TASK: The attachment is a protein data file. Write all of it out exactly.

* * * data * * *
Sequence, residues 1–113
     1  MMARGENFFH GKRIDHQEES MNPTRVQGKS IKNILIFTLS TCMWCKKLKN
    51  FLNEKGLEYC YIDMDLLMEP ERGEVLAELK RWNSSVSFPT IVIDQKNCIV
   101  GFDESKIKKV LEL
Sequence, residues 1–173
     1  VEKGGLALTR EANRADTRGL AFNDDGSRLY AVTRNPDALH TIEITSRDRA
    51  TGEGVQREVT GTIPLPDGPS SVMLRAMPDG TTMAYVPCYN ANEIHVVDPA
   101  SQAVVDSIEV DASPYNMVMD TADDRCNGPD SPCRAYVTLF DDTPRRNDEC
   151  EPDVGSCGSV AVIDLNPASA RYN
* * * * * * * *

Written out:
Sequence, residues 1–113
     1  MMARGENFFH GKRIDHQEES MNPTRVQGKS IKNILIFTLS TCMWCKKLKN
    51  FLNEKGLEYC YIDMDLLMEP ERGEVLAELK RWNSSVSFPT IVIDQKNCIV
   101  GFDESKIKKV LEL
Sequence, residues 1–173
     1  VEKGGLALTR EANRADTRGL AFNDDGSRLY AVTRNPDALH TIEITSRDRA
    51  TGEGVQREVT GTIPLPDGPS SVMLRAMPDG TTMAYVPCYN ANEIHVVDPA
   101  SQAVVDSIEV DASPYNMVMD TADDRCNGPD SPCRAYVTLF DDTPRRNDEC
   151  EPDVGSCGSV AVIDLNPASA RYN